Ninja Gaiden 3 Review


Platforms: PS3, Xbox 360
Release Date: March 20, 2012

Have you ever been turned off by a game’s difficulty? I can recognize that some gamers would be more about the experience rather than intense trial by fire gameplay, but the Ninja Gaiden series has always made that fire feel so good. Difficult but rewarding, this franchise has always had deep and quick combat that was sure to reward any soul brave enough to learn its intricacies. Ninja Gaiden 3 aims to welcome inexperienced players, but in doing so they crafted an ugly game that will both repel newcomers and cause series veterans to frown in disgust. Ninja Gaiden 3 is a prime example on how to drop the ball and mess up almost everything sacred.

Stories have always been out of the way in the Ninja Gaiden games and have been weak as a result. It was forgivable, as I was just there for the ninja on ninja violence, but that isn’t good enough for this new entry. It wants to cram its terrible story down your face to the point of where it negatively affects the gameplay.

Although you see and fight this guy frequently, he is the only thing semi-acceptable.

Ryu is sent to stop some terrorists in London and that’s where logic begins and ends. Some cult is after some new world order (giving Ryu an arbitrary reason to travel the globe), but so many betrayals and nonsensical cutscenes cause literally every aspect to fall flat. Nothing is exciting or even generates any sense of urgency. Except for a single main villain, no one is memorable or even likeable, giving less credence to their increasingly stupid tasks they bill you with. Even though I doubt most readers will care about spoilers, the whole last act is so remarkably terrible that it made me consider this as one of the worst stories I had ever witnessed. Cringingly terrible doesn’t even begin to describe it.

Right after you pop in the disc, famed ninja Ryu Hayabusa is unmasked (and surprisingly American), foreshadowing the game’s focus on his human elements. Thankfully he doesn’t spout one-liners and talk our ears off, but the focus on his humanity was something that never sat well with me. Early on he is cursed from the burdens of the murders he has committed over the years, which causes the signature Dragon Sword to melt into his herpes-infested arm. Oddly enough, they try to pin this on him as a terrible deed and force you to feel some sort of empty regret. But right after the ineffective guilt trips happen, I’d go back to slaughtering whole villages and desecrating entire populations without batting an eyelash. A disconnect like this is so out of place and is completely pointless. Morality in a game solely focused on forced killing is just a stupid lost cause and a superfluous narrative aspect.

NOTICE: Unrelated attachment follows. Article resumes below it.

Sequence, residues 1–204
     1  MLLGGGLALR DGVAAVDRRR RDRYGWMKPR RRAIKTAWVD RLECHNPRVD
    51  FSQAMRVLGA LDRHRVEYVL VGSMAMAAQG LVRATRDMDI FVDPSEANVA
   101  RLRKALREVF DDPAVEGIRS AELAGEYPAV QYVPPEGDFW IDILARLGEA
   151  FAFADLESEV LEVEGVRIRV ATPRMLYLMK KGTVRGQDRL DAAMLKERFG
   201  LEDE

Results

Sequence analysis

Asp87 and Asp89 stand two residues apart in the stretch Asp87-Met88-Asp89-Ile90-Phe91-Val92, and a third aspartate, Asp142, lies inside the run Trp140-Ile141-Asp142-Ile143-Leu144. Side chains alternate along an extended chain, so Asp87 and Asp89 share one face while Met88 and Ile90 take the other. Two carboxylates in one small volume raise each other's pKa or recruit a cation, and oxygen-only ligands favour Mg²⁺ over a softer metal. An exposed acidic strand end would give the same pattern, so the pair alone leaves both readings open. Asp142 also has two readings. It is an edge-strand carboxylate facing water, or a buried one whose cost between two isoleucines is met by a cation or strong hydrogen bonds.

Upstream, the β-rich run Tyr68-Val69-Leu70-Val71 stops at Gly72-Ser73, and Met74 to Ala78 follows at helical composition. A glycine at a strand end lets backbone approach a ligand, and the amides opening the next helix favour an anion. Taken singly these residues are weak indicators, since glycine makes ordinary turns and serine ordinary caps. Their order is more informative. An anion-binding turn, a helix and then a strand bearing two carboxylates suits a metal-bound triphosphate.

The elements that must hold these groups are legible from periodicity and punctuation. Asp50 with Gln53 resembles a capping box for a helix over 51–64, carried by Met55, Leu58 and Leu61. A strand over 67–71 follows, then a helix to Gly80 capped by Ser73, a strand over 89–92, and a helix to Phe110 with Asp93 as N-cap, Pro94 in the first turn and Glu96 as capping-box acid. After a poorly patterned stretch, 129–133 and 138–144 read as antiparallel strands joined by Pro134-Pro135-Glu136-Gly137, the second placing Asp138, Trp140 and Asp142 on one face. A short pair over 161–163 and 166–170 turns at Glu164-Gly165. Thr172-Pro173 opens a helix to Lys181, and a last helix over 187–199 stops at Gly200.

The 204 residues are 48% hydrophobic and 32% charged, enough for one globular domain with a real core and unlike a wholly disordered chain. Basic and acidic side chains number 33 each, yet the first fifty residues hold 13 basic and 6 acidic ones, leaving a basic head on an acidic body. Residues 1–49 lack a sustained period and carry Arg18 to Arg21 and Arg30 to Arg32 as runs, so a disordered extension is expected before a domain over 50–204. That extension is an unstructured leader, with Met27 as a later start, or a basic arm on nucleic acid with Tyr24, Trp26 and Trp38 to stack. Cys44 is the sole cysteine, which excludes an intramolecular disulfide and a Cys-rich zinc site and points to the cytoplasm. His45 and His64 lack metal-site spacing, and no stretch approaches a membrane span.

The cursed arm is a failed narrative thread.

It seems even more weird given the sheer amount of killing you will do. In past titles, combat was the bread and butter of the game. Everything else was second fiddle and this seemed almost impossible to mess up. Somehow Team Ninja has found a way to completely bone up deep, involving combat.

Past titles would bank on fast reflexes and smart AI, making almost every battle a strategic fight to the death. Ninja Gaiden 3 takes this in a new direction by throwing wave after wave after wave of enemies into the current arena. There are dramatically more enemies on-screen at any given time, but their AI is so bad that they don’t really require much involvement to kill. Foes line up like cows for the slaughter, kicking any sort of satisfaction out the door. Mashing the attack button and occasionally dodging will get you through almost any encounter, making combat a mindless mash and a complete bore most times. Even boss fights, a series staple, have also massively dropped in quality due to their bland, repetitive nature. Setting the game on Hard doesn’t solve anything either, as everything is just harder to kill with little to no improvement to the AI.